Thousands evacuated in Brest to clear WWII bombs

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About 16,000 residents in Brest left their homes on Saturday to facilitate a major operation to rid the city of unexploded WWII ordnance.

Brest – About 16,000 residents in Brest were evacuated Sunday to make way for a major operation to rid the northern French city of unexploded ordnance dating from WWII.

Sirens wailed as some 400 police officers and firefighters fanned out to ensure everyone had left the designated security zone in downtown Brest before mine-clearing experts were sent in to begin work.

The evacuation was decided in July and many residents decided to leave their homes on Saturday and stay with friends during the security sweep.

City officials had set up temporary shelters for evacuees left homeless during the operation from 7:00 am (0500 GMT) to 10:00 pm (2000 GMT).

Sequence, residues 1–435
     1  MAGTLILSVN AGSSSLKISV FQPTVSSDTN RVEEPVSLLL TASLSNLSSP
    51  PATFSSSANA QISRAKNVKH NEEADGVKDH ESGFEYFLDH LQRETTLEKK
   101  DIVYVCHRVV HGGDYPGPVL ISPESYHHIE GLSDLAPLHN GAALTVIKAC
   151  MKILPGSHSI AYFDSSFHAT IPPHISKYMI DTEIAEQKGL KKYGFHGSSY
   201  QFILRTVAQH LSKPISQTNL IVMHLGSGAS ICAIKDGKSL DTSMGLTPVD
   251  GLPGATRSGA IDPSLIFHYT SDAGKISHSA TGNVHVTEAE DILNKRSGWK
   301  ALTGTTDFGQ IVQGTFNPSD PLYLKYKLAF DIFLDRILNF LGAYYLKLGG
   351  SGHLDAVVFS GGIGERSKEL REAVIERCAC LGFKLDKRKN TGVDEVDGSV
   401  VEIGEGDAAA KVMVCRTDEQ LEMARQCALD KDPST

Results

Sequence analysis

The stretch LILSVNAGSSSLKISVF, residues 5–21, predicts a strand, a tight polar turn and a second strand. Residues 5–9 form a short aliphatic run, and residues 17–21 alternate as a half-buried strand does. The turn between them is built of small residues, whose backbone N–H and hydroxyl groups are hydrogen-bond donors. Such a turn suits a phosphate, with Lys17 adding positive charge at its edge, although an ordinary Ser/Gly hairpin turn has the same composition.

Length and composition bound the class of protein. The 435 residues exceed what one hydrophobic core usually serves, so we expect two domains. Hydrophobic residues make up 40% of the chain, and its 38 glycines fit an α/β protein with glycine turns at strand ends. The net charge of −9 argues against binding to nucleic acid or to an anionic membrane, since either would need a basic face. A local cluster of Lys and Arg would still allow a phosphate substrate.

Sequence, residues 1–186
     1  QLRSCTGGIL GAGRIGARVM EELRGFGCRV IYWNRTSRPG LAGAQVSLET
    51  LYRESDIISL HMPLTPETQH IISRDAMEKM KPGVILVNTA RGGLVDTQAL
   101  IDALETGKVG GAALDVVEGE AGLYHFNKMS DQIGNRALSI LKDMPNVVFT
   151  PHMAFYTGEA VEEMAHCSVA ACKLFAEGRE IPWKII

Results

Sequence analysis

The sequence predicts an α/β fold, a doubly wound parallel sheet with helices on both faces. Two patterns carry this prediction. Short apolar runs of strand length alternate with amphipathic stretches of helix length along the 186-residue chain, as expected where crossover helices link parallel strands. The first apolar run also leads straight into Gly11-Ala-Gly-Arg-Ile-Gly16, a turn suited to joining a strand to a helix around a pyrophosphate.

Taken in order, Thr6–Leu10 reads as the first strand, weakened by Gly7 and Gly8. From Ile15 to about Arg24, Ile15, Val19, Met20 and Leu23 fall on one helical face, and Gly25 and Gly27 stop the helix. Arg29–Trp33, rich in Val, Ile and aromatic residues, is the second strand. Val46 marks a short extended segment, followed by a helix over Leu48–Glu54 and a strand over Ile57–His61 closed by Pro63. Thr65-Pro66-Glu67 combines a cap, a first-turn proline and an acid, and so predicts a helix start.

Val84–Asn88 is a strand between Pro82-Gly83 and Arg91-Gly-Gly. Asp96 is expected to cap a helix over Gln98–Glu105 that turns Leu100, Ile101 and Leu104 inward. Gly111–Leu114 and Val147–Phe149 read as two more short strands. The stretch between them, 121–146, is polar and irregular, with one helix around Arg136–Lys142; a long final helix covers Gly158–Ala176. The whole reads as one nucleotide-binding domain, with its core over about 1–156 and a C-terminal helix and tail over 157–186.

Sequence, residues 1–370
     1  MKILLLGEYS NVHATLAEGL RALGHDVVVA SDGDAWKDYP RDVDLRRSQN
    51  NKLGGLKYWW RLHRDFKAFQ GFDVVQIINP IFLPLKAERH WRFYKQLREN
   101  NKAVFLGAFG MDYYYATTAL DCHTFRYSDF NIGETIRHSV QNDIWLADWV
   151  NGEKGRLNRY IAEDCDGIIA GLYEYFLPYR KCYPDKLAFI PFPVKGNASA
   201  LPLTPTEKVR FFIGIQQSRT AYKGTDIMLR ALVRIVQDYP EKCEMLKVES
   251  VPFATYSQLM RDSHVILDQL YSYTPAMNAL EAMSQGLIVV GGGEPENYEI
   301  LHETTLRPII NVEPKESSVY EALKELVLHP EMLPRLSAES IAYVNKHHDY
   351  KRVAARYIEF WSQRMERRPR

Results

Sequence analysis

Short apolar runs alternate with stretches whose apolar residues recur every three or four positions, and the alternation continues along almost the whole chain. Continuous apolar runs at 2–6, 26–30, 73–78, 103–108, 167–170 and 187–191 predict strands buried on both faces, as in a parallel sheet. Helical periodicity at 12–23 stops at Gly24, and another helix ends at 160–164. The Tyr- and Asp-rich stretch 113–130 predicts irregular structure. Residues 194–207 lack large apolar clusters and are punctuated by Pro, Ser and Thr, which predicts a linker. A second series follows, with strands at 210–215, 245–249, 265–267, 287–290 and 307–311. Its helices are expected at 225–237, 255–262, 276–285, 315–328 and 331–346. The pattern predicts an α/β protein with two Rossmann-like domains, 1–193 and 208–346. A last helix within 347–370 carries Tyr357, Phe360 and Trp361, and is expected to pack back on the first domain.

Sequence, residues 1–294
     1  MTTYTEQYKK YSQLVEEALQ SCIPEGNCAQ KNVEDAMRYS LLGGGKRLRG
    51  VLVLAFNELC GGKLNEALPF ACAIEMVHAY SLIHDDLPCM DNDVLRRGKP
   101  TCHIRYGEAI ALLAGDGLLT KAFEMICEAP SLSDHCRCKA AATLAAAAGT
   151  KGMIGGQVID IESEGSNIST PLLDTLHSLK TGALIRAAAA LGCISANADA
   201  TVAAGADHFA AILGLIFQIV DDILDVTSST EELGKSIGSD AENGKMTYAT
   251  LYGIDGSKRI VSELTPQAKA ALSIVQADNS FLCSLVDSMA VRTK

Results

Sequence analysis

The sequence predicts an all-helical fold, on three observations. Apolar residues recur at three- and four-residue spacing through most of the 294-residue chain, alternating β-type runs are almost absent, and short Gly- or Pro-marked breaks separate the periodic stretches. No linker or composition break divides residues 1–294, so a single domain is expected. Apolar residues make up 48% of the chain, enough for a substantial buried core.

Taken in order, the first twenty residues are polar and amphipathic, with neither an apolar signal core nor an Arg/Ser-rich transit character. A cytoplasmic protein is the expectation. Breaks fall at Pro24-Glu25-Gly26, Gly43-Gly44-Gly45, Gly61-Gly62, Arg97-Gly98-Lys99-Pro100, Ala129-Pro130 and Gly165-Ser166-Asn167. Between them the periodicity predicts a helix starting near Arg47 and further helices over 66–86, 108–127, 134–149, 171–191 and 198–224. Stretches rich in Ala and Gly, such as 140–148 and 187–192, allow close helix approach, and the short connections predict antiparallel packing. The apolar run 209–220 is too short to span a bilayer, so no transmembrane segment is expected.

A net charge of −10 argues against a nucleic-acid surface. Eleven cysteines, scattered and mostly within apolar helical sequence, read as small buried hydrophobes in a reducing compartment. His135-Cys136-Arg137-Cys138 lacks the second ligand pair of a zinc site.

An important German naval base during WWII, Brest was heavily bombed by Allied forces in August and September 1944.

Experts estimate that some 10 percent of the 30,000 tonnes of explosives that rained on the city during the allied campaign still pose a threat.

Using metal detectors, mine-clearing units have found 83 shells and 15 other potentially dangerous objects that were removed on Sunday.

A three-man team also scanned a former naval base facility near the city centre for mines and other unexploded ordnance that will be destroyed during a second operation planned for 15August.

Brest, on France's western tip, has staged several mine-clearing operations. In March, 3,000 residents were evacuated from an area near the port to allow units to defuse a 250-kilogramme US bomb.

AFP / Expatica

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